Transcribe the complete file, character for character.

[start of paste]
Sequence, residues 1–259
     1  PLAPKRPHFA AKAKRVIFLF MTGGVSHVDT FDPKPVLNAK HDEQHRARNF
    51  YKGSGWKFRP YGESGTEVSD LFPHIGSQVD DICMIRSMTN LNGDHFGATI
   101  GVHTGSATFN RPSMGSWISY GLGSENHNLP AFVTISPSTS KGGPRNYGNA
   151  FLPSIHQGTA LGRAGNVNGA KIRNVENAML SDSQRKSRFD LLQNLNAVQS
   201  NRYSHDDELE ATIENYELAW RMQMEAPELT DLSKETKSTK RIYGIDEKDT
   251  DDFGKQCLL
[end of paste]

Sequence, residues 1–259
     1  PLAPKRPHFA AKAKRVIFLF MTGGVSHVDT FDPKPVLNAK HDEQHRARNF
    51  YKGSGWKFRP YGESGTEVSD LFPHIGSQVD DICMIRSMTN LNGDHFGATI
   101  GVHTGSATFN RPSMGSWISY GLGSENHNLP AFVTISPSTS KGGPRNYGNA
   151  FLPSIHQGTA LGRAGNVNGA KIRNVENAML SDSQRKSRFD LLQNLNAVQS
   201  NRYSHDDELE ATIENYELAW RMQMEAPELT DLSKETKSTK RIYGIDEKDT
   251  DDFGKQCLL